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Fixing a Roof Leak From Beneath

Updated: Jul 30, 2023

At my Dad's house we had a roof leak. Normally it had been quite easy to fix it because I could just lift tiles off the roof and check it out. It normally turned out to be from an accumulation of leaves in a gully. Not this time. This time, the leak was under our solar panels.


Roof leak under solar panels location
Somewhere here!

I had tried fixing it from within the roof space and even from on top of the roof, by using a dentist's mirror. Neither of them worked, so for years I just gave up. Until recently, an electrician looked at it and said it could be from an old antenna wire anchor. He said if he fixed it, he would have had to remove an entire row of tiles from under the solar panels, which would have been very expensive. We seemed to be at a stalemate. Until I realised - I knew exactly where to look.


Previously, I had removed a vent in the laundry, because all it did was allow air conditioned air to escape into the roof. Our Miele clothes dryer was capable of distilling water out of the clothes instead of venting fog into the laundry, so the vent was no longer required. However, with the roof leak I was unwilling to patch it over permanently, so I just covered with an old lever arch file.


Patching a laundry ceiling vent hole with a lever arch file
Possibly the ugliest roof patch you have ever seen. Fortunately, or unfortunately, the lever arch file and ceiling began to match colour 🤢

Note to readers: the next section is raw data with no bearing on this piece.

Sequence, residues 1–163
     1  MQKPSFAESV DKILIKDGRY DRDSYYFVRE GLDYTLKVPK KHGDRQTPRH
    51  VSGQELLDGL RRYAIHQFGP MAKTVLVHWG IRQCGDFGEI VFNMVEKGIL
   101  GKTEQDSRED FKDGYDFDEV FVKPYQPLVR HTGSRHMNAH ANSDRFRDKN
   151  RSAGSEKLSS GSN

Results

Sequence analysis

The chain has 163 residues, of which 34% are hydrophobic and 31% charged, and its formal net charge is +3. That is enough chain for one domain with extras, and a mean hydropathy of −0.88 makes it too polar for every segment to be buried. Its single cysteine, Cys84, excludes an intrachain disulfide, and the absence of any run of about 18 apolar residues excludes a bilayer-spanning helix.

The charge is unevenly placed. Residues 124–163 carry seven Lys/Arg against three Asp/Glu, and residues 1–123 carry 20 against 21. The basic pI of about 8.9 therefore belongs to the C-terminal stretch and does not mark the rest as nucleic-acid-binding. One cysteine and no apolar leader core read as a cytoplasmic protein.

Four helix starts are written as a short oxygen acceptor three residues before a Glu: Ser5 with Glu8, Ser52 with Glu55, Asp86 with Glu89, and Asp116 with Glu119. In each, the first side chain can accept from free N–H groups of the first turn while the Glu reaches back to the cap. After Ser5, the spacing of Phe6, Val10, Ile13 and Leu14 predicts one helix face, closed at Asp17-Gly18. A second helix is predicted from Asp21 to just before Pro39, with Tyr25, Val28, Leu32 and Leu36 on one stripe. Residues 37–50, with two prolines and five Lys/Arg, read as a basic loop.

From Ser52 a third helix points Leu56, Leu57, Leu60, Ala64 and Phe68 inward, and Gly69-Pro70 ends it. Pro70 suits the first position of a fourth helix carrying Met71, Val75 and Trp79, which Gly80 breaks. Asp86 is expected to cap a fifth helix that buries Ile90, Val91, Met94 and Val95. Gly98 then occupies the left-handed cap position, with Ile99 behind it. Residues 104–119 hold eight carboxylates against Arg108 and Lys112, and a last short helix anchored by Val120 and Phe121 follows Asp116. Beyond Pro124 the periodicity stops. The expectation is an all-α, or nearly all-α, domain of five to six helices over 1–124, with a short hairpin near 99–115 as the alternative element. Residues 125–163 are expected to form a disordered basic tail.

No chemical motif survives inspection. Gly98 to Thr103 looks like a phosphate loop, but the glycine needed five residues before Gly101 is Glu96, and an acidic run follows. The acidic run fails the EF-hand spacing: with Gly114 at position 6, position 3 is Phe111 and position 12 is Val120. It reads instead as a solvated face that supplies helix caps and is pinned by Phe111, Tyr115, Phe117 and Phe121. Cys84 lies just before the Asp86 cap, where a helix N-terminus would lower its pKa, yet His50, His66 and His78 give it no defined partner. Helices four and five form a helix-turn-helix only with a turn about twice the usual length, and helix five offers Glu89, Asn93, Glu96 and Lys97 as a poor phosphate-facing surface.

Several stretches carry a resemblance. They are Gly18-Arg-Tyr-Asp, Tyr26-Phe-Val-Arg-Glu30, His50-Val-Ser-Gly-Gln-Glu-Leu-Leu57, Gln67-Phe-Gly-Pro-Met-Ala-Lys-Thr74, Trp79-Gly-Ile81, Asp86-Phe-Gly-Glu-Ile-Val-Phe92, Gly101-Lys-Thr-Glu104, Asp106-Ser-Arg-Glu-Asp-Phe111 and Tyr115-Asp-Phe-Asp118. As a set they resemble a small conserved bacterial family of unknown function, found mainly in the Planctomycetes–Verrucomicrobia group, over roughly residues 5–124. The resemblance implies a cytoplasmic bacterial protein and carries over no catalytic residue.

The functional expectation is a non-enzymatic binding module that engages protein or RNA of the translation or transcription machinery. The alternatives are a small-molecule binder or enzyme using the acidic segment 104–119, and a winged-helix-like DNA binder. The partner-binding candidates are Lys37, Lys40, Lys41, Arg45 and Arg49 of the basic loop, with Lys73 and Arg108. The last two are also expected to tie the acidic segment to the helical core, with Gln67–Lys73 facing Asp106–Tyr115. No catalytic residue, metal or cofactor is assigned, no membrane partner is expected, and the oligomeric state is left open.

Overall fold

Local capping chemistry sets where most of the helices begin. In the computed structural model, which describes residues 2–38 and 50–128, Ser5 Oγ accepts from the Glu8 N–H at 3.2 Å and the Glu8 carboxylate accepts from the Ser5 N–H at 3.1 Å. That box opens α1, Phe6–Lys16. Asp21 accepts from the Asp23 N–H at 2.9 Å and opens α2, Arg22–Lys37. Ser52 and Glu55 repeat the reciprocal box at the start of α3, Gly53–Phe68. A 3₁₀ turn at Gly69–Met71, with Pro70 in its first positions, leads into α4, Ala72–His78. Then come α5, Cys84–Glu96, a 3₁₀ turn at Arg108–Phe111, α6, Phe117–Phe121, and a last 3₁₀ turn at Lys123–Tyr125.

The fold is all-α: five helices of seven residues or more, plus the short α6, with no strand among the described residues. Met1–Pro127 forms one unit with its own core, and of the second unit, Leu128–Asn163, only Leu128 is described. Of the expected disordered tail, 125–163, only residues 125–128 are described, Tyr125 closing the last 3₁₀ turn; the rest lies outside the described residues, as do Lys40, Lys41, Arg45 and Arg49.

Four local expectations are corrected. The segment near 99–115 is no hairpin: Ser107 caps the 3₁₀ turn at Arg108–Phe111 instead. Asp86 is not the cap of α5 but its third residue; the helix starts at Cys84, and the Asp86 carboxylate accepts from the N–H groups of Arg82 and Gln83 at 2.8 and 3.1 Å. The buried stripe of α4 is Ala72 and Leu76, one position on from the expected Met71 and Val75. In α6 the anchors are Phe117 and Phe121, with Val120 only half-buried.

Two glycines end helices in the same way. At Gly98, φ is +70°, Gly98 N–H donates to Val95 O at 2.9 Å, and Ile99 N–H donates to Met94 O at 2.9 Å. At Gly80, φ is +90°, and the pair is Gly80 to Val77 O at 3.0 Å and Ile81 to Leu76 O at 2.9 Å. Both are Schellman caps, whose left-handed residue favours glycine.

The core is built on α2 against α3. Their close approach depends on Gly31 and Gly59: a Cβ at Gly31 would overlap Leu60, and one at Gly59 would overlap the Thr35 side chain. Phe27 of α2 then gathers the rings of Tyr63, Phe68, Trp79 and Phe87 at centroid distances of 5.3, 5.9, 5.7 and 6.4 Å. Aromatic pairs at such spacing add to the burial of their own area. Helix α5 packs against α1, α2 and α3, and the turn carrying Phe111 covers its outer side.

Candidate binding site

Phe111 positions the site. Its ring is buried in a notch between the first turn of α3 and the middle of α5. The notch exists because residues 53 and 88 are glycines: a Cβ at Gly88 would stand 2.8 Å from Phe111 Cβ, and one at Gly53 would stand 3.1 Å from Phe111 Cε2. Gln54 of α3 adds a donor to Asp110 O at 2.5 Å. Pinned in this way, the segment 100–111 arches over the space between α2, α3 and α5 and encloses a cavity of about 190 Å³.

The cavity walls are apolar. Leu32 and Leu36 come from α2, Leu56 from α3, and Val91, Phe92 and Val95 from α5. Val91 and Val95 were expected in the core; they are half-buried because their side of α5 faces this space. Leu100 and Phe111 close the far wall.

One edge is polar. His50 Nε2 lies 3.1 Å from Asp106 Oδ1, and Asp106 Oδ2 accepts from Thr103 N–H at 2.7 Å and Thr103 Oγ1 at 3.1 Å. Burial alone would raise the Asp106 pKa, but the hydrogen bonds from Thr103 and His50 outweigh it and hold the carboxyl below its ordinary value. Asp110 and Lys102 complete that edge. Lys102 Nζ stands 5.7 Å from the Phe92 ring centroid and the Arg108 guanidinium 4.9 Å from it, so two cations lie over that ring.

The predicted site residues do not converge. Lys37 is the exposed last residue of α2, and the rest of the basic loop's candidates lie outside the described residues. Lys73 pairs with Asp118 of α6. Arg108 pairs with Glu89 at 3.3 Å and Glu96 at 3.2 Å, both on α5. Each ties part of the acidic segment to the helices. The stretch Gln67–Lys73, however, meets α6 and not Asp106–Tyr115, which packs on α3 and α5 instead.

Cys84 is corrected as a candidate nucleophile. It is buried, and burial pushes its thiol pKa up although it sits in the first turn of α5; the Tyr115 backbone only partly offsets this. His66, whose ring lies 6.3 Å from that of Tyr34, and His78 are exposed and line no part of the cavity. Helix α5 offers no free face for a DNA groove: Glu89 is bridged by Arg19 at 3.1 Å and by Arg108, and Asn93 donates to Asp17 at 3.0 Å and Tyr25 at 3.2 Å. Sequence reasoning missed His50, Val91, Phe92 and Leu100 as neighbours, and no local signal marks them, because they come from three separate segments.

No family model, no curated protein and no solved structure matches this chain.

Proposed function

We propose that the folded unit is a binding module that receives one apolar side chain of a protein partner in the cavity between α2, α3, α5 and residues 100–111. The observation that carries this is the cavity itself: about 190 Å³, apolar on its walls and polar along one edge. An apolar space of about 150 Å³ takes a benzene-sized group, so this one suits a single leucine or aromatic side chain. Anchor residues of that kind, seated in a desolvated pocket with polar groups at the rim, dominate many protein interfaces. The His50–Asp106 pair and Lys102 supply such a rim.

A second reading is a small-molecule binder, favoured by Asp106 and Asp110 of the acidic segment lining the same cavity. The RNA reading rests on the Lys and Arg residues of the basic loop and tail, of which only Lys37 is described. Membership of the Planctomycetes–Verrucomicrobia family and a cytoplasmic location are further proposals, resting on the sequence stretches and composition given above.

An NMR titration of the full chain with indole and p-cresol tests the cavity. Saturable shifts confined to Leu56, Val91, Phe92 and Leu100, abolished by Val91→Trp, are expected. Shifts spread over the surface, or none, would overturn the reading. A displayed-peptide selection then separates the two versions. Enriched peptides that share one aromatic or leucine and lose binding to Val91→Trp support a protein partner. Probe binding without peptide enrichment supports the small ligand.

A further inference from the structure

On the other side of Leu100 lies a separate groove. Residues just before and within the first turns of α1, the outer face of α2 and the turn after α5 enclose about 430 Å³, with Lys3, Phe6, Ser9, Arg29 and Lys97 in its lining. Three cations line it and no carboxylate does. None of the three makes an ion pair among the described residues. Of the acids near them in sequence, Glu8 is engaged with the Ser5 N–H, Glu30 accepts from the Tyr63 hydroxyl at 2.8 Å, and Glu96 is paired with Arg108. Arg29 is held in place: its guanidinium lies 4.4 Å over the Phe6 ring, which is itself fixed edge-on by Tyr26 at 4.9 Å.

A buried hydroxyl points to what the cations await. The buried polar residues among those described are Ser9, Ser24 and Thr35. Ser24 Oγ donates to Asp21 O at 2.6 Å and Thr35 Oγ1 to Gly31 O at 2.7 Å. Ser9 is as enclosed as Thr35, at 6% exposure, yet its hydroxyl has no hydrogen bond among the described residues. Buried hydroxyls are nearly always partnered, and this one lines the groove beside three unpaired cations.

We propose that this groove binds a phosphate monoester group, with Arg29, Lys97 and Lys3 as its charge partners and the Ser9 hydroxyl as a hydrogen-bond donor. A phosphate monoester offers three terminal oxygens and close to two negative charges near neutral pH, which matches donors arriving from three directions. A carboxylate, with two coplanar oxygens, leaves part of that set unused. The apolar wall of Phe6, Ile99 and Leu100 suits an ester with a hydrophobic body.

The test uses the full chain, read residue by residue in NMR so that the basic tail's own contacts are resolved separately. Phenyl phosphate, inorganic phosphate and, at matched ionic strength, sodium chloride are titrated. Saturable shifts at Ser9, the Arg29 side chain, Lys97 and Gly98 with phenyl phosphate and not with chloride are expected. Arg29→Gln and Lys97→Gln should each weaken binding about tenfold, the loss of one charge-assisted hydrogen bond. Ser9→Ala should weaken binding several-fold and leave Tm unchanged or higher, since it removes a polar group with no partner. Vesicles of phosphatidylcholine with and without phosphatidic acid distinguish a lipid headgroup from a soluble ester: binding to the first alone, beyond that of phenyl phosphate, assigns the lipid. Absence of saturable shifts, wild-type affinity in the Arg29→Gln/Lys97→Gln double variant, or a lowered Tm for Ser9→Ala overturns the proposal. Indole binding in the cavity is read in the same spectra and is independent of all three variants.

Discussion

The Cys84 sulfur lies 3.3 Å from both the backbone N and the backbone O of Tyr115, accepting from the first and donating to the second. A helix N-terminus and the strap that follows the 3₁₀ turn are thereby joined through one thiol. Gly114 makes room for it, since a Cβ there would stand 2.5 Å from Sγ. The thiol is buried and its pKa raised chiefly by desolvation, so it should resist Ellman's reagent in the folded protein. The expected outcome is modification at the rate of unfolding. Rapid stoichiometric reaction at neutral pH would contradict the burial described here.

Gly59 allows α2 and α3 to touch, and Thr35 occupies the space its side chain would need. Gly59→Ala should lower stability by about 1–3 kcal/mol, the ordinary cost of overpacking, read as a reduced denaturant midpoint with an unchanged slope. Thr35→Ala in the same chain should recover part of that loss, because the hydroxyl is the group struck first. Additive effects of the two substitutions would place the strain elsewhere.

I found some silicone in the shed, but there was a problem. It wasn't coming out of the tube, even when I pulled the dry bit out of the nozzle and used a corkscrew. Solution - cut it open with a saw. And, lo and behold, the bottom end was still useable.


Silicone removed from its tube that has nearly gone off but still some useable stuff in it
One of my pet hates is waste. I didn't even want to waste the remaining silicone still wet

All I had to do was stick some wet silicone on the end of my finger, point my finger into the vent hole, climb a ladder and shove the silicone into the offending hole. Here is the end result. On the right of that rusty metal screw poking through the tile is the electrician's attempt, which he admitted may not work. On the left of it is my contribution.


Silicone in hole for an old antenna wire anchor, from beneath
Success! The silicone is in the hole

In the photo, the roof slopes down to the left. Before, I had mis-identified the leak as coming from the upstream end of the tile, because the timber beam was wet all the way to the roof baton on the right. However, I realised that was due to capillary action. During a storm I confirmed it was coming from the nail hole.


Today is quite rainy and so far, so good! Fingers crossed 🤞


What really helped me to look at this problem again was a meditation to discard my negative mind, which I would recommend to anyone.

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